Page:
Bush's ties to the religious network of Sun Myung Moon is hardly defensible in strict terms of evangelical Christianity, but the connections between Moon and the Bush family run deep. On the surface, an association with Moon, who dismisses Jesus as a failure and considers himself the true Christian messiah, might shake Bush's acceptance among American evangelicals, but for whatever reason, the connections have not disturbed many, if any, of Bush's Christian followers. The elder Bush has known Moon since his 1976 tenure as CIA director; Moon's Unification Church, which arrived in Washington with the private backing of Bush and other Republicans, is widely believed to be an arm of the South Korean intelligence community. Moon bought the Washington Times in the 1980s and converted it into a strong mouthpiece for Republican and conservative thought, mounting impassioned defenses of Reagan and Bush during the Iran-contra investigations and piling on as part of the Clinton smear campaigns. The elder Bush has praised Moon as a "man of vision," and dismisses the charges from observers that Moon routinely "brainwashes" his followers and poses a dire threat to mainline Christianity. Perhaps the fact that Moon pays Bush $100,000 per speech he makes to Moon audiences has something to do with Bush's acceptance of Moon.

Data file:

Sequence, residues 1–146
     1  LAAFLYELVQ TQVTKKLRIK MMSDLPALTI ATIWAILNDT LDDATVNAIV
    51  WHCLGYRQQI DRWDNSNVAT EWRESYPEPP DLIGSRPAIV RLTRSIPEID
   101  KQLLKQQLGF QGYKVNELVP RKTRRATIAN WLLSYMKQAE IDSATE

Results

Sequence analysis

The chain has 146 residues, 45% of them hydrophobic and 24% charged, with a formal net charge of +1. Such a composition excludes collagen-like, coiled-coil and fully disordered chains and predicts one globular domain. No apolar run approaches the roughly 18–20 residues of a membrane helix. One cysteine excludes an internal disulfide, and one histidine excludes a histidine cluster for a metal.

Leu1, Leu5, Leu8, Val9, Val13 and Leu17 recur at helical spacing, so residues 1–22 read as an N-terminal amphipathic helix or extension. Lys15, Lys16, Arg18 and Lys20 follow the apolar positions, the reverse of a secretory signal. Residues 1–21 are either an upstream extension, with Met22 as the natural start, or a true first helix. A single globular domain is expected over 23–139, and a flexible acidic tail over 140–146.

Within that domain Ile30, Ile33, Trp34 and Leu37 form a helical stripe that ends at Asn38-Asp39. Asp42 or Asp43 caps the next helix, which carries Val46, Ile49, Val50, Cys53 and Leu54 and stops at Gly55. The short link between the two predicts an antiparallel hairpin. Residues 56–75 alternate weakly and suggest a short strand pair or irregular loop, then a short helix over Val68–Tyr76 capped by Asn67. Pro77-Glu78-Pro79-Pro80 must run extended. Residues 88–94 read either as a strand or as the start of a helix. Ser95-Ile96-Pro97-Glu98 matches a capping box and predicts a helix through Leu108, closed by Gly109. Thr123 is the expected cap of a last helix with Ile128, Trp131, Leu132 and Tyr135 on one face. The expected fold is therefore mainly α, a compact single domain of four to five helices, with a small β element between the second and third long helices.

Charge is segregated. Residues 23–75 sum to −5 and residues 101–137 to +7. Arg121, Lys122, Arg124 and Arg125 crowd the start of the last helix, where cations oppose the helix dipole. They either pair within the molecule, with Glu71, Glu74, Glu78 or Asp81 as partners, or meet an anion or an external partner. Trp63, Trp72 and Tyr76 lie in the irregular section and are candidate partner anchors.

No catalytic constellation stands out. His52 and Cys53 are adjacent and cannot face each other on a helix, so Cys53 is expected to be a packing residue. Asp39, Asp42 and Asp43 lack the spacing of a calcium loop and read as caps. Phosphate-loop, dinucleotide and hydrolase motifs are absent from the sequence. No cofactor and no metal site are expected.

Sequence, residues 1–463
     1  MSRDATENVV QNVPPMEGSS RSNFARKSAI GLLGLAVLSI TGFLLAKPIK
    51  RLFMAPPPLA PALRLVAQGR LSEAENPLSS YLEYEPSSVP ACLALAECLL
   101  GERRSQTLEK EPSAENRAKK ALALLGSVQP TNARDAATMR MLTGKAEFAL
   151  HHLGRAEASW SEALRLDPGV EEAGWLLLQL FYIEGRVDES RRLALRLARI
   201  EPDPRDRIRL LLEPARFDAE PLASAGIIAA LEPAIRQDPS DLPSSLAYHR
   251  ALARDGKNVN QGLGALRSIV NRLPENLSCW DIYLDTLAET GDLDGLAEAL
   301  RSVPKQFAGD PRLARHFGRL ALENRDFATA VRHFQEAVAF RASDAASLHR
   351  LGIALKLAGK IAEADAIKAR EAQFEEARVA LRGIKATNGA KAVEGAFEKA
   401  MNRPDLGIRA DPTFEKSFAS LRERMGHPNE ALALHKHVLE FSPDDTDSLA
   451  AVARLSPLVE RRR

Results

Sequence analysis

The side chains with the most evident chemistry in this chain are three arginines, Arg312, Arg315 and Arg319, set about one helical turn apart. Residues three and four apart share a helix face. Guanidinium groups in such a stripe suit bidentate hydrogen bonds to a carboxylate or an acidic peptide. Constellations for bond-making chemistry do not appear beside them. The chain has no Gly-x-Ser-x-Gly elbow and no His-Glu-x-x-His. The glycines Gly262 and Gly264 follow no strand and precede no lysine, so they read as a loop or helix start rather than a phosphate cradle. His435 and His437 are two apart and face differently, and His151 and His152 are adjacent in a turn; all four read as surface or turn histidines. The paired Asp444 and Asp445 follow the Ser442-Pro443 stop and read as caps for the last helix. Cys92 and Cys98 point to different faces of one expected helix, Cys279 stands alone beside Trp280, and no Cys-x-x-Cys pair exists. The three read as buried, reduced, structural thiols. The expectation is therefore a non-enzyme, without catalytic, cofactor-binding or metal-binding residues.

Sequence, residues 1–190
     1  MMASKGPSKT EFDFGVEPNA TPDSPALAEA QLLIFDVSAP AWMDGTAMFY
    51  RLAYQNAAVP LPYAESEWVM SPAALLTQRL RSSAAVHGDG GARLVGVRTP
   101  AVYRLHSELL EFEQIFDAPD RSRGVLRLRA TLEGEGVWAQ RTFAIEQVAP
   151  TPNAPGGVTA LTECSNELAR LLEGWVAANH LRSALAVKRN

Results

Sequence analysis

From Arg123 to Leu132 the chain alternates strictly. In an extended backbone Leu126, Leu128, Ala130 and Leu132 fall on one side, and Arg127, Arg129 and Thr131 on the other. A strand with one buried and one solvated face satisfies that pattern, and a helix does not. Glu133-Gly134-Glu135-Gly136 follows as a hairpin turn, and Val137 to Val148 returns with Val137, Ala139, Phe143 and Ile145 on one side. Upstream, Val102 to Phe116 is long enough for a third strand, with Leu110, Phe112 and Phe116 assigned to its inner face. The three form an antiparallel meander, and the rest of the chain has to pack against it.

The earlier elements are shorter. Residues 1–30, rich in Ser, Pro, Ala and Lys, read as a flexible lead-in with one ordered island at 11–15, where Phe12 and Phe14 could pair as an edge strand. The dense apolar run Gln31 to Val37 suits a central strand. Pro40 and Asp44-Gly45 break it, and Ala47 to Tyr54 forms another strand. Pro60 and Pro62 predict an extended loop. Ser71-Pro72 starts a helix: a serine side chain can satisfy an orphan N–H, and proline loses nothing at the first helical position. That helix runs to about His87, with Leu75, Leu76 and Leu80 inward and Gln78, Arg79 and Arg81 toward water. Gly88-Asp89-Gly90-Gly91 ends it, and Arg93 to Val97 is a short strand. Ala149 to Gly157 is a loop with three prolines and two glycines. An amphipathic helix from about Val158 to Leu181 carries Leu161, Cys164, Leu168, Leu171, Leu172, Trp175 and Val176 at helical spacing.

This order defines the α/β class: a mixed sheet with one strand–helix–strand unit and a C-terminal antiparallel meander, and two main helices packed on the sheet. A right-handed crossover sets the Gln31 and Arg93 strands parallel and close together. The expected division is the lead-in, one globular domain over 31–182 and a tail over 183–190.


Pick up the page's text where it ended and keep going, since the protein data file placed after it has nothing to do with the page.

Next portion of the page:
The younger Bush has his own ties to Moon's empire. On January 19, 2001, Doug Wead organized a Moon-sponsored Inaugural Prayer Luncheon that drew over 1,700 political figures, ministers, and conservative activists. Some attendees were angered when they found out that Moon had sponsored the event, and were shocked that Moon propaganda was disseminated during the event. Steve Hassan, a journalist specializing in religious cults, is puzzled by conservative evangelicals' tacit acceptance of Moon: "Here's a man," he writes, "who says he wants to take over the world, where all religions will be abolished except Unificationism, all languages will be abolished except Korean, all governments will be abolished except his one-world theocracy, yet he's wined and dined very powerful people and convinced them that he's benign." -- Kevin Phillips